Finally, a little group shooting with the not-so-great Shaw barrel.
I haven't had time to re-cut the loverider mold so these bullets still have the too-small-to-engrave 0.3014" bore riding bands. The driving bands were sized 0.309", just because that's the smallest die I have at the moment.
Possibly 0.308" might work better.
The 150 grain loverider was loaded with 50.7 gr. WW760, WLRM primers, and HVR lube. 3.045" COL, to kiss the rifling with the front band. Average velocity was 2681 fps with 1.2% standard deviation. I'm used to seeing 0.5% standard deviation in a good rifle load.
The 165 grain loverider was loaded with 52.2 gr. WW760, WLRM primers, HVR lube, and 3.147" rifling to kiss the rifling with the front band. I did not size the cases. Most of the necks were tight enough to hold a bullet without re-sizing, but some were a little loose. More on that later. Average velocity was 2672 fps with 1.1% standard deviation. The 1.1% standard deviation seems high to me.
Results of 3-shot groups shown in the chart. The 150 averaged 5.52" while the 165 averaged 2.44". Clearly, the Shaw prefers the heavier bullet. Plus the 150 grainer seemed to lose accuracy and velocity as more shots were fired, suggesting it may have a fouling problem.
Velocities shown in chart. Way too much variation by my standards, plus the 150 grainer seemed to lose velocity as more shots were fired, suggesting it may have a fouling problem.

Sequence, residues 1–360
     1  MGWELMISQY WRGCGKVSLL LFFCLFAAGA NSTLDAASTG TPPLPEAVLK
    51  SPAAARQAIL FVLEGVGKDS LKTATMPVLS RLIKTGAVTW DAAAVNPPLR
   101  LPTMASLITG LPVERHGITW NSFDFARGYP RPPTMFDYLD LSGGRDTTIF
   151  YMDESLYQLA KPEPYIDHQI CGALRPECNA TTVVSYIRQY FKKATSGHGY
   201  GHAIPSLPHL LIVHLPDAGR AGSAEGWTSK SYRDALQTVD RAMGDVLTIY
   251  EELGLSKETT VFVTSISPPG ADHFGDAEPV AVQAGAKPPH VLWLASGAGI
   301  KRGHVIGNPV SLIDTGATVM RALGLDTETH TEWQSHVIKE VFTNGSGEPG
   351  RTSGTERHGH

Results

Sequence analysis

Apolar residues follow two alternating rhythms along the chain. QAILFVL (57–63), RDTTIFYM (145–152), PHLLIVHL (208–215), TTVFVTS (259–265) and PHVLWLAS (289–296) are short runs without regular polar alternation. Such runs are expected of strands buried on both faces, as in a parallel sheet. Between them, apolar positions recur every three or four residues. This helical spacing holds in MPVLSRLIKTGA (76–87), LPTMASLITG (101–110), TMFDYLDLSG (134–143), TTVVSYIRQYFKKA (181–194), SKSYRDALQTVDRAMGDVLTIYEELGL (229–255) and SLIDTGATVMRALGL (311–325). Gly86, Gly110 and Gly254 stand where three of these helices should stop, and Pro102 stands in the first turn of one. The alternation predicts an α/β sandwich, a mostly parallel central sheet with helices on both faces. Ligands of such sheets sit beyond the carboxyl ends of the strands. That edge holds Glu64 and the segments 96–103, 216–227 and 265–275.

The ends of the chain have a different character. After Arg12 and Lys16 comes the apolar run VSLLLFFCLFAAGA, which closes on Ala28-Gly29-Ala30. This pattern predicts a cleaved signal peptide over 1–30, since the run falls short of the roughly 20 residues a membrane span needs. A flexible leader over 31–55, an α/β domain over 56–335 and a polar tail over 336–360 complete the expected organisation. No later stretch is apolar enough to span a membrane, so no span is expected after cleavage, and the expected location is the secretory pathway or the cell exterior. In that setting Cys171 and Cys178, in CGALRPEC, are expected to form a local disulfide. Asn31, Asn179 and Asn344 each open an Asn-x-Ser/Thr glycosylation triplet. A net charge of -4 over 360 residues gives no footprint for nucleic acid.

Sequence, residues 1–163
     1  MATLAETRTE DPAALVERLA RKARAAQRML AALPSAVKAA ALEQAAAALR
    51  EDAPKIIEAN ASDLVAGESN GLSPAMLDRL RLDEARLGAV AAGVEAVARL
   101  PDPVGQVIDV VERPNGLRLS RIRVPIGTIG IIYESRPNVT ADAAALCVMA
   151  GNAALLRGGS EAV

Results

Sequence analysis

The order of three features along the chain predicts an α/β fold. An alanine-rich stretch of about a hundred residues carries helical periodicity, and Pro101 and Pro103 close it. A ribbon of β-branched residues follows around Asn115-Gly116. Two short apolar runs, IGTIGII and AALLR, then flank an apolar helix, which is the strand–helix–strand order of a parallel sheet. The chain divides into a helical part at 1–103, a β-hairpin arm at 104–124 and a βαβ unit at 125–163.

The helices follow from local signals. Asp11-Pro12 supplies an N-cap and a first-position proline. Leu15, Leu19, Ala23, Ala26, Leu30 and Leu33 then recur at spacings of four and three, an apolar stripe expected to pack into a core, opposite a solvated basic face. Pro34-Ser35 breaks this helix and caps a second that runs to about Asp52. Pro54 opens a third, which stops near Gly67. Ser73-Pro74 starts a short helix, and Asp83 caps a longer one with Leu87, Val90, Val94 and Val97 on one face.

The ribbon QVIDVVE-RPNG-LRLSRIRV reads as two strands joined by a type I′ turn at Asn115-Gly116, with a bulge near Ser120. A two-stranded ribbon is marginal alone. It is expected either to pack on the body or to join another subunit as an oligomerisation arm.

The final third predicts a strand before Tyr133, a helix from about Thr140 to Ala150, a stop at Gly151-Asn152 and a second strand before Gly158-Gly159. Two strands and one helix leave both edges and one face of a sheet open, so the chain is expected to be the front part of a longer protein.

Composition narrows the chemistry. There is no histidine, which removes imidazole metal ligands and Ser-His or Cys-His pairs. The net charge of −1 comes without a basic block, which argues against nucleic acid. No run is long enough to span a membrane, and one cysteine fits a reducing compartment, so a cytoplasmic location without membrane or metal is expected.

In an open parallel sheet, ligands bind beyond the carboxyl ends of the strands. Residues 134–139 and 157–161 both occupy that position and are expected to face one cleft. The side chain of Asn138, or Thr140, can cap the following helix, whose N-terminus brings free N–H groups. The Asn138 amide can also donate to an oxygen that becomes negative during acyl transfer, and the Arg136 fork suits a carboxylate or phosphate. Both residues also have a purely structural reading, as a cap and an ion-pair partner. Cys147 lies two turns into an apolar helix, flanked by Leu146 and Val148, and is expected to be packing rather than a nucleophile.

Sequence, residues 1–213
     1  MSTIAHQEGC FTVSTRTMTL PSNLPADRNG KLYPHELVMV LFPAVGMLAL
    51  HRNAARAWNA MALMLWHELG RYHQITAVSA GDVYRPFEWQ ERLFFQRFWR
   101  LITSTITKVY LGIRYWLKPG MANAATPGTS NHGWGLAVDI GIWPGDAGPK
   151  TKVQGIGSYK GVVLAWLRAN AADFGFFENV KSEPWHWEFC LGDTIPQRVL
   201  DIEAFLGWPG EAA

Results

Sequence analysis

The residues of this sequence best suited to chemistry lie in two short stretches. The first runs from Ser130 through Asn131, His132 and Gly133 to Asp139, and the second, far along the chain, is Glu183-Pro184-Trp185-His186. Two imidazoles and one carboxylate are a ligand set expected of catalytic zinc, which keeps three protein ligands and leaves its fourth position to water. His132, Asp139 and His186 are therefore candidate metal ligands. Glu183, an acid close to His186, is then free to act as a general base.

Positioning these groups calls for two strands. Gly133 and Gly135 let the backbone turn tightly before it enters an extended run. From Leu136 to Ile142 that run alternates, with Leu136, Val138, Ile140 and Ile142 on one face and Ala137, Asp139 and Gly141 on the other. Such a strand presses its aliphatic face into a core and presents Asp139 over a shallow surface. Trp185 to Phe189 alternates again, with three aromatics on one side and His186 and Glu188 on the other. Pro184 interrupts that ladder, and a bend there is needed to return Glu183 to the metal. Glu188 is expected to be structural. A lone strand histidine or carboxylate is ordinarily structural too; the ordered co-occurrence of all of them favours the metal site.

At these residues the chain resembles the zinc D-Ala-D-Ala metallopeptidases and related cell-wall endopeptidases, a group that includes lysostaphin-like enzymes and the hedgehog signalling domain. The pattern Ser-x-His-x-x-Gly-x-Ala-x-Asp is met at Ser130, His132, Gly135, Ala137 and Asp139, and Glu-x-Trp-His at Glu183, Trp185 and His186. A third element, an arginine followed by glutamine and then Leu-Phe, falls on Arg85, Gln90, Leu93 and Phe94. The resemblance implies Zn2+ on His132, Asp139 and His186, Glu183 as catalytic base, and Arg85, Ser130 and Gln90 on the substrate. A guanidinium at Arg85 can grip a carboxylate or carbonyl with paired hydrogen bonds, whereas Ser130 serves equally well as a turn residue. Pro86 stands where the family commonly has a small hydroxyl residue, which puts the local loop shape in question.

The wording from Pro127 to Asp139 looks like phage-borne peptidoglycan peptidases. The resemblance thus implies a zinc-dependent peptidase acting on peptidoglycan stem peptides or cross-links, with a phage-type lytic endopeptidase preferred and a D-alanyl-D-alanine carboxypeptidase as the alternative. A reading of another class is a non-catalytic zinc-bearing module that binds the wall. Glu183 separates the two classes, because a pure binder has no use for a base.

Best group of the day, shot with the 165 grain loverider averaging 2691 fps. If I could do this every time, I'd be a happy caster. Problems Encountered:
-- Too much variation in neck fit. I've been turning necks on a Forster case trimmer, which is not the greatest neck turner to begin with, plus my only 30 cal turning mandrel is 0.299", way too sloppy for precision work.
-- the M700's trigger is way too heavy for target shooting. I thought I had adjusted it to about 1 1/2 pounds, but now it feels like about 4 pounds. Either the adjustment has worked loose or else I'm not remembering things clearly (it's been 7 years since I shot this rifle).
-- as mentioned previously, the 0.3014" bore riding bands don't even touch the rifling. I suspect the 150 grainer would have shot better if the bore riding bands engraved lightly.
-- my chrono doesn't like the late afternoon light. I'd like to make a diffuser and/or a cover with artificial lighting so I can chronograph day or night, rain or shine.Lessons Learned and Things to Do Next Time:
-- get the bugs worked out of my neck turning system.
-- get a cover or diffuser for the chrono
-- recut the 165 grainer bore riding bands to 0.3025" or so.
-- try a 180 grainer and possibly a 190. Give up on the 150 grain bullet.
-- try to adjust the trigger. If it can't be adjusted, ask Santa Claus for an aftermarket trigger
-- make a 0.308" sizing die
-- make a nose die that matches the throat (cut the tapered part of the die with the throating reamer)